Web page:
2. The British Traditions of Civil Liberties
i) Magna Carta and the Bill of Rights
Although in the United Kingdom the rights of individuals have not been set out in any code or bill of rights, this country has played a distinguished role over the centuries in devising and exporting the idea of human rights.15 As we will see in the following, various historical facts justify this point of view.
The famous Magna Carta, which was granted by King John in 1215 to the nobles of Runnymede and confirmed by later kings, is one of these innovative ideas. This unique document, which is of extraordinary significance in the constitutional history of Britain, embodied a protest against arbitrary punishment and formulated rights to a fair trail and a just legal system. In 1699 the well- known Bill of Rights set out certain rights and liberties which subjects could henceforth claim against the king. The Act included prohibitions against “excessive bail of fines” and “cruel and unusual punishment”.16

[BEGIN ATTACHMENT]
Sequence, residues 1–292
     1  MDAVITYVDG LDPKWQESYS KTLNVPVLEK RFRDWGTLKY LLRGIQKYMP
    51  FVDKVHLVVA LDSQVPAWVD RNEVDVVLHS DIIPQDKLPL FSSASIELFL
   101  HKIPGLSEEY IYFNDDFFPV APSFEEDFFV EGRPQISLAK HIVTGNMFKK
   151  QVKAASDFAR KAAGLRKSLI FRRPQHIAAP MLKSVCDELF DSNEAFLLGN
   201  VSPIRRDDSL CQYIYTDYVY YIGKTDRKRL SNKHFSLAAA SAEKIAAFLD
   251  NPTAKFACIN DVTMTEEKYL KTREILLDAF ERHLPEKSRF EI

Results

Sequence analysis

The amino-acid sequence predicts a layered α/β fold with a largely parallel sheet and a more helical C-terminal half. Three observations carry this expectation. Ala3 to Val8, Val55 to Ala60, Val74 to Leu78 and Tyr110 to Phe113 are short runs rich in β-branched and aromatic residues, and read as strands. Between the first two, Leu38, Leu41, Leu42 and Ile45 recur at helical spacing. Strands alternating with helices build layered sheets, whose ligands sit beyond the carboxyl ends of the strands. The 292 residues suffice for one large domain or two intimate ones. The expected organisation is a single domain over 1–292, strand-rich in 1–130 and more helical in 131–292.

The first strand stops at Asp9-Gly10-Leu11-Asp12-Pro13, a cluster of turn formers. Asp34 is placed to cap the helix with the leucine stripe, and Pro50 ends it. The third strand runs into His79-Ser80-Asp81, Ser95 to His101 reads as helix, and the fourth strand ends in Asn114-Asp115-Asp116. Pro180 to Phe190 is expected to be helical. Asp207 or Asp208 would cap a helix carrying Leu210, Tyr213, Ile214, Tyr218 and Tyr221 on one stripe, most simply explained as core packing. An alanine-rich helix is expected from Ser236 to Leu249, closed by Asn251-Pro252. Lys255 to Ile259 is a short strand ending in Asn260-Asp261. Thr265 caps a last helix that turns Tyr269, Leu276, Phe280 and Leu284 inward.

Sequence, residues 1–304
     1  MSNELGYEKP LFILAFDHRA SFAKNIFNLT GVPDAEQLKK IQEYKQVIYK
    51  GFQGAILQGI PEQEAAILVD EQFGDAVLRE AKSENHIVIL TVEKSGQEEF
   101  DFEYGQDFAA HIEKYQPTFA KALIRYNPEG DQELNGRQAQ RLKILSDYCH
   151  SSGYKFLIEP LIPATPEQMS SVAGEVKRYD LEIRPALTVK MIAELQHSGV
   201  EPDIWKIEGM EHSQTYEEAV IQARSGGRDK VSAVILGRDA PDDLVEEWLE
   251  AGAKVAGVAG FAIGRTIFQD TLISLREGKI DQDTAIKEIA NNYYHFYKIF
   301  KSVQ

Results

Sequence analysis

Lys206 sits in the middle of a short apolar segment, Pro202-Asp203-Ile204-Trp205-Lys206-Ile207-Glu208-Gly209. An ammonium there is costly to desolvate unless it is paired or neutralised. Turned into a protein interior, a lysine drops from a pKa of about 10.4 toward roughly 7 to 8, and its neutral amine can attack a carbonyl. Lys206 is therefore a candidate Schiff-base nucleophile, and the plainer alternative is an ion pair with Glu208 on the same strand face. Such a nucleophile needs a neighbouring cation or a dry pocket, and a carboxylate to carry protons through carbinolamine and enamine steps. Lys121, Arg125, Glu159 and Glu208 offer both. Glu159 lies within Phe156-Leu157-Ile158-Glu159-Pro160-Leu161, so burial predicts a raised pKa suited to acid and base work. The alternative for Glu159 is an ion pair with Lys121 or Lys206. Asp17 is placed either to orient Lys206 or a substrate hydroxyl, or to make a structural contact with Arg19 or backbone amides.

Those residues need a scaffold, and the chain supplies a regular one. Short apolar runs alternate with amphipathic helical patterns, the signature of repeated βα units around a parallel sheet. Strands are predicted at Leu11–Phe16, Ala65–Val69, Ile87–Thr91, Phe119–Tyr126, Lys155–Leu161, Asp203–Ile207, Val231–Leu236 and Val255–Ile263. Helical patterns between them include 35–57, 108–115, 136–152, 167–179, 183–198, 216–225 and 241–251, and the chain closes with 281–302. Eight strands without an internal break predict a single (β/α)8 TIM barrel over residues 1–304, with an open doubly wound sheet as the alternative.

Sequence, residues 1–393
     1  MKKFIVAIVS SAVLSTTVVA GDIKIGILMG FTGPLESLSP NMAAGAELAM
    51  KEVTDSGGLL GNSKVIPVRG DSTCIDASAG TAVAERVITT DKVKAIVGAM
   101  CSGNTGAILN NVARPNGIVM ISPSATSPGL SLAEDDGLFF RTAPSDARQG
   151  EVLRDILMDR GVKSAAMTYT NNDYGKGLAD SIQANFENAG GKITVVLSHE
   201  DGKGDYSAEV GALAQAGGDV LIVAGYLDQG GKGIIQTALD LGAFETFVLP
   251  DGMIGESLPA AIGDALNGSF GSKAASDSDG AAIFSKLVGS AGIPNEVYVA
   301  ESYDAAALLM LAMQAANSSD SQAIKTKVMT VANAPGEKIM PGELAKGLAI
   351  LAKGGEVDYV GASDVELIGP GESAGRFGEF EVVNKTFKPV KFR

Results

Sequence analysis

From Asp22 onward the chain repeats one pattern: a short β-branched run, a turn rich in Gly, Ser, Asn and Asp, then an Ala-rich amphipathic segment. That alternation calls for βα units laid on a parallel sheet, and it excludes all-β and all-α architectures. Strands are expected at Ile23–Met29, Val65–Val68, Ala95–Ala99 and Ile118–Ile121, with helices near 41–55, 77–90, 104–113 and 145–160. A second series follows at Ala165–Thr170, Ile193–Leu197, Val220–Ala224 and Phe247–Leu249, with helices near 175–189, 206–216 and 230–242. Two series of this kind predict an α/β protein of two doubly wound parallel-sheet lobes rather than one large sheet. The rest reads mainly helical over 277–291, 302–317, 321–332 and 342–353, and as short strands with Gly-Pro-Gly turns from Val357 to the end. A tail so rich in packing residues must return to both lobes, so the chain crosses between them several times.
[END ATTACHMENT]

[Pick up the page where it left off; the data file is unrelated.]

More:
It is firstly remarkable that both ancient documents set out provisions which are com- mon to modern constitutions and human rights instruments and secondly that they have been formulated already in a modern style: as positive rights and guaranties. However, their main purpose was to share power between the monarch and the propertied classes and not to establish a comprehensive set of rights for the common people. The Magna Carta for example allowed for discriminatory treatment of Jews, and the Bill of Rights reserved special rights, for example the right to bear arms, only for Protestants.17 Although neither of these ancient Acts can be seen as a human rights document in the modern sense because of their discriminatory manners, they nev- ertheless demonstrate that the general notion of the enforcement of rights by subjects against a sovereign was indeed a fundamental one in the United Kingdom’s legal system, even if at this time, these rights were granted only to preferential classes of the society. Other key events in Britain’s constitutional history must also be mentioned in this context: the Habeas Corpus Act 1679, which provided remedies against imprisonment without trial, and the Petition of Rights 1628 which contained inter alia protests against taxation without the consent of Parliament. Moreover, Britain was also the home of various famous philosophers and thinkers, for example John Locke (1632- 1704) and Thomas Paine (1737- 1809), whose theories of individual rights and equality played a significant part in the history of human rights not only in Britain but even beyond its frontiers.18 Locke’s ideas inspired the French when they adopted their Declara- tion of the Rights of Man in 1789. Paine argued for democracy and the ideas of the French Revolution in his book “The Rights of Man”, published in 1791, and played a significant role in both the American and the French Revolutions. However, these influences were not strong enough to cause a change in the rather conservative embossed British political landscape which were obsessed by the idea that it was much better to protect freedom by the common law rather than trust to affirmations of fundamental rights which always came without any efficient legal mechanism for providing effective protection. Paine’s and Locke’s contemporaries, for example Edmund Burke (1729- 1797), described ideas of individual freedoms as meaningless abstractions and so continued his successors, the 19th century Utilitarians around Jeremy Bentham (1748- 1832).19 These influences were by this time far stronger and thus accepted as general political opinion. The famous jurist A.V. Dicey (1835- 1922) must be mentioned in this context. He ar- gued that the unwritten assumption, that every subject is free to do whatever is not prohibited or restricted by law, is inherent in the British system. He named it the model of “negative rights”: Rights were not expressly written down but were protected by judicial rulings or the common law.20 This in turn led to the characterisation of Britain’s approach towards civil rights as “re- sidual”: every person is free to do anything in so far as it is not forbidden by a common law principle. Freedom of speech for example is limited by the common law of libel, blasphemy or other rules or legislation such as the Official Secrets Act 1989.21 To define the content of a particular liberty one has thus merely to subtract from its totality the sum of the legal restraints to which it is subject.22 Dicey’s constitutional theory is seen as the basis of the traditional legal approach to civil liberties in Britain.23 Subsequent British governments have continued to follow this approach which is the counterpart of the constitutional model of “positive rights” as defined in other liberal constitutions in the world, for example in France, Germany or the United States.